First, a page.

By Hope Belli Tinney, Washington SBDC
YAKIMA, Wash. – When Rod Cassel met Yakima business advisor Linda Johnson, he was looking for a lifeline. After several decades as general manager at a large, well-established electrical service company, the family-owned business reorganized and he was out of a job.
Nearing 50 with four children to support, Rod said it was a stressful time. “One kid was in college,” he said, “and another one was coming up.”
Rather than panic, he and his wife Brenda called Johnson in early 2013 to discuss plans to open their own electrical contracting business, Core Northwest (http://www.corenorthwest.com/).
Johnson is one of more than two dozen Small Business Development Center (SBDC) certified business advisors who work with small business owners across Washington to help them start, grow or transition a business. The Washington SBDC (https://www.wsbdc.org) is hosted by Washington State University and receives funding from the U.S. Small Business Administration (SBA) and other institutions of higher education and economic development.
Loans a challenge without credit history
Rod had a number of former customers ready to hire him for big jobs, he said, if he could just get his company up and running.
Together he, Brenda and their SBDC advisor talked through the basics of a business plan and then evaluated fixed costs, variable costs and all the other data critical to his success. Johnson gave him spreadsheets to complete for financial projections based on different scenarios.
One major stumbling block was that the Cassels had never used credit before and so they had no credit history to support their loan applications. As banks began dragging out the process, the Cassels felt they had no choice but to go to plan B.
Another electrical contractor in town had invited Rod to join his company and bring his clients with him; anxious to start earning money again, Rod agreed. Revenue soared, but a year later, the owner decided to sell and once again Rod was out of a job.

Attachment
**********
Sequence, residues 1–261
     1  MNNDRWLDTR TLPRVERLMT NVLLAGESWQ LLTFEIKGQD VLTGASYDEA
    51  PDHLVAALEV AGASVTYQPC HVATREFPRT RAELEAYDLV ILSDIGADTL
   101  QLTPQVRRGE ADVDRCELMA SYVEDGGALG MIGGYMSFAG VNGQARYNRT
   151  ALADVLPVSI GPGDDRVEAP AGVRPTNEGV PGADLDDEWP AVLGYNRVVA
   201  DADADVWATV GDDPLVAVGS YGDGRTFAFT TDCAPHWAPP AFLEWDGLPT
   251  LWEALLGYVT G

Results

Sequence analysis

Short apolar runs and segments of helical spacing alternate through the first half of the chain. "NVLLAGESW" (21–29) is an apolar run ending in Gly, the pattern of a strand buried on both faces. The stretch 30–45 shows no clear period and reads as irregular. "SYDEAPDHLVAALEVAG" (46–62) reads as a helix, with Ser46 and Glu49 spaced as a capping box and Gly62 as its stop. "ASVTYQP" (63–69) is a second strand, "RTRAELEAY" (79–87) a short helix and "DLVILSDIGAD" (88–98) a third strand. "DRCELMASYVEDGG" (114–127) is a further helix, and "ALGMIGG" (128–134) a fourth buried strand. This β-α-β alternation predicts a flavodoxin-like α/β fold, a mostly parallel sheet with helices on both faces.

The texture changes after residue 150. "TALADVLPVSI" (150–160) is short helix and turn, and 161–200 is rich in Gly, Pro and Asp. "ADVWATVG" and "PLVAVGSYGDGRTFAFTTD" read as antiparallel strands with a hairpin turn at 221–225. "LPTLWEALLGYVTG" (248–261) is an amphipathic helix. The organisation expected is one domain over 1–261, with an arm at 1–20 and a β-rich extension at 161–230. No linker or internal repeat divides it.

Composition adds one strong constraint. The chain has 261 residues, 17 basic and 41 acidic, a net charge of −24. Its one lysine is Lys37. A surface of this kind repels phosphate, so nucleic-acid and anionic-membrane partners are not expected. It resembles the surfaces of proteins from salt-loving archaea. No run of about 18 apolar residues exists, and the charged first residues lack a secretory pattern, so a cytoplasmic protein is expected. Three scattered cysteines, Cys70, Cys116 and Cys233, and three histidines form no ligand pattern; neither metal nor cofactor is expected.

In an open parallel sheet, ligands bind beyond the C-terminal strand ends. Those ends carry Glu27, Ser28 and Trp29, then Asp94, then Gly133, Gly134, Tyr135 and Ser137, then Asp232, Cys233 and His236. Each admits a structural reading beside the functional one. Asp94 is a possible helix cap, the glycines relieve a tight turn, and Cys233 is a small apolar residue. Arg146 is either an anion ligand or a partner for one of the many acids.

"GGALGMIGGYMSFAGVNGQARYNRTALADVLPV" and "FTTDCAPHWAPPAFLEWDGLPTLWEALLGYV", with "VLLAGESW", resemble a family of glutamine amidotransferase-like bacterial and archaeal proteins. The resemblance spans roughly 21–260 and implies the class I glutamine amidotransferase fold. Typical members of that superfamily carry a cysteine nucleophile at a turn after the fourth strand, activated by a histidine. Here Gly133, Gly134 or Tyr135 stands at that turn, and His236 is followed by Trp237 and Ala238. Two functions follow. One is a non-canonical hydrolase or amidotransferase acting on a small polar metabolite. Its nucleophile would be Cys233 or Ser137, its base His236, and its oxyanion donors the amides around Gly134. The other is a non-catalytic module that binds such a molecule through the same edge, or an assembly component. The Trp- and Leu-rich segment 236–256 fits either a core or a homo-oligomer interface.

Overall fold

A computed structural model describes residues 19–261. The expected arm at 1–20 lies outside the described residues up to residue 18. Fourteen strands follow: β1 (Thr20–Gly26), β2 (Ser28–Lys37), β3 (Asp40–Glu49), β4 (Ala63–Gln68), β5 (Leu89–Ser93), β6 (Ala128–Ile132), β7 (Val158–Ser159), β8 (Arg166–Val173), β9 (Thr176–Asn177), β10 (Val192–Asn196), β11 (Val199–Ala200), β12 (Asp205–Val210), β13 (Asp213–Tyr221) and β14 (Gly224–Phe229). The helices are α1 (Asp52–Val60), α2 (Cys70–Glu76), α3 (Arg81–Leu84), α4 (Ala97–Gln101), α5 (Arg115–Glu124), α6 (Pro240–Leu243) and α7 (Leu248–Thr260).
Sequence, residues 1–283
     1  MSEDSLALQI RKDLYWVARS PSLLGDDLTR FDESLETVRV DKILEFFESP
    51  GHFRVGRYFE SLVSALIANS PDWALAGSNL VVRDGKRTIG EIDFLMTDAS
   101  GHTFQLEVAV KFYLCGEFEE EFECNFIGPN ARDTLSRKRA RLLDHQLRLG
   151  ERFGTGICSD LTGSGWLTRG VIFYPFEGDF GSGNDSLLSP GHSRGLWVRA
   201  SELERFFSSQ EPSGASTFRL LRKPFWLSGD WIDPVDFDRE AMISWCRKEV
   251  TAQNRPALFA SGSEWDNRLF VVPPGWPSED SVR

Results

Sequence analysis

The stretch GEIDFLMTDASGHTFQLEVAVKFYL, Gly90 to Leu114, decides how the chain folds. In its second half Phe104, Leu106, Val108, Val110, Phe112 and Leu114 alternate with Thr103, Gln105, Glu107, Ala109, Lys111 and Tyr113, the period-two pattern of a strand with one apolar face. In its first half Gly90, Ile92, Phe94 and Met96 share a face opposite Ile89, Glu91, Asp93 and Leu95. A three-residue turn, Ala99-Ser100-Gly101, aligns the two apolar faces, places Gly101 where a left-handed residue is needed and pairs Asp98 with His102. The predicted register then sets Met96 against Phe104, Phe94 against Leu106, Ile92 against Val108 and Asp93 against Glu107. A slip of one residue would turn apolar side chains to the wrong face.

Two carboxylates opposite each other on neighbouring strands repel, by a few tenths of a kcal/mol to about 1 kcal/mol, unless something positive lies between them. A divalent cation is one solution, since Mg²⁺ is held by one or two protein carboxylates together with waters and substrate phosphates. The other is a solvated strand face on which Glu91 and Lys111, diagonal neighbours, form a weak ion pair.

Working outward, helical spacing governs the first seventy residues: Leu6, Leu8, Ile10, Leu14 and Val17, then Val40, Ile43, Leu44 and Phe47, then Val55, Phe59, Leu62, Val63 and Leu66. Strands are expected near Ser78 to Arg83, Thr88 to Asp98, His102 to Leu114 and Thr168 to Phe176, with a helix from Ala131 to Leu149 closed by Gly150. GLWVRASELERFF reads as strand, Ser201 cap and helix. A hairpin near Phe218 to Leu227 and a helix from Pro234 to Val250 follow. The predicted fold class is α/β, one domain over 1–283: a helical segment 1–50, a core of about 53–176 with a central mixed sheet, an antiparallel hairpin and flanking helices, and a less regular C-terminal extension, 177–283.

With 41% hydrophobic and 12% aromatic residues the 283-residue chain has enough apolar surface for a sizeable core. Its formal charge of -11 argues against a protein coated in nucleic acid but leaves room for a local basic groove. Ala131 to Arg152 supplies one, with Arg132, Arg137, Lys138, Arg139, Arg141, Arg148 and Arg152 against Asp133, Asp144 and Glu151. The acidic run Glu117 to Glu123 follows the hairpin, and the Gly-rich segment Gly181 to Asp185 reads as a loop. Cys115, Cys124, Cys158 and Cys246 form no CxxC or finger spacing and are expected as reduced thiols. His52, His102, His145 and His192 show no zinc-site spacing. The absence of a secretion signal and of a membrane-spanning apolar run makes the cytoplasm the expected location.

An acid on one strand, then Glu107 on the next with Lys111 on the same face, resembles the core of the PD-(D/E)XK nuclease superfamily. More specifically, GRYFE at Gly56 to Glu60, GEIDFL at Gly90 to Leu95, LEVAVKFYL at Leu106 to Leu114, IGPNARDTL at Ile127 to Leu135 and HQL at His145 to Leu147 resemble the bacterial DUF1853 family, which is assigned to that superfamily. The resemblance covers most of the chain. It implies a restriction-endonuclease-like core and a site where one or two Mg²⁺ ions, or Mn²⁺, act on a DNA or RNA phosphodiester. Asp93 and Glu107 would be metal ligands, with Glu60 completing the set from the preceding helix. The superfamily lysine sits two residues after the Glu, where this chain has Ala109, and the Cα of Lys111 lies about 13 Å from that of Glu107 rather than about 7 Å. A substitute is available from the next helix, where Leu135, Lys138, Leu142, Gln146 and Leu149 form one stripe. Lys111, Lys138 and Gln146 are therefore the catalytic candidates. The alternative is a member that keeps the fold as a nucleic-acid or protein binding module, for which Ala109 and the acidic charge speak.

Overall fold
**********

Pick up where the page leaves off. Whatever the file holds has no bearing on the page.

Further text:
“We really didn’t know how we were going to survive,” Rod said. He and Brenda returned to Johnson at the SBDC to revisit their business plan for Core Northwest.
First year of bare bones, long hours
The bad news was that this time Rod had no clients waiting in line with million-dollar projects. The good news was that because he had to start small, his startup costs were less demanding.
Rod and Brenda funded their startup by borrowing from their children’s college accounts.
“We had no choice,” Rod said, but the pressure was immense. “We couldn’t afford any missteps so Linda’s guidance was crucial to our decisions going forward. There’s no room for error when you are small like me. My SBDC advisor helped me build a business plan with the money I had available to me.”
His plan was to put $100,000 in the bank before he hired his first employee, which meant that when he needed help pulling wire, Brenda became his electrical apprentice. That was on top of her two full-time jobs and running the household for four children ages 12 to 21. That first year, Rod said, the two of them worked well over 100 hours per week.
“It was stressful,” he said, but they managed to live on a salary of $15,000. “It was a life lesson for all of us,” he said, and smiled. “It’s amazing how little you can live on.”
Business plan yields profit, philanthropy
Their financially conservative approach paid off and by the second year they saw a 1,600 percent increase in revenue and were able to hire seven employees. They also were able to pay back their children’s college funds with interest.
“We have been so blessed to have grown so quickly and to have earned a reputation that we can be proud of,” Rod said. “I know that we couldn’t have achieved our success without assistance from the SBDC and Linda Johnson.”
And now Brenda and Rod are paying it forward in their community. Core Northwest makes significant contributions to community groups, including local law enforcement, fire departments and youth sports.
“I have seen the greed out there, and we made a promise to ourselves that we would not be one of those companies,” Rod said. “There is nothing more satisfying then helping people and seeing that help make positive changes in one life.”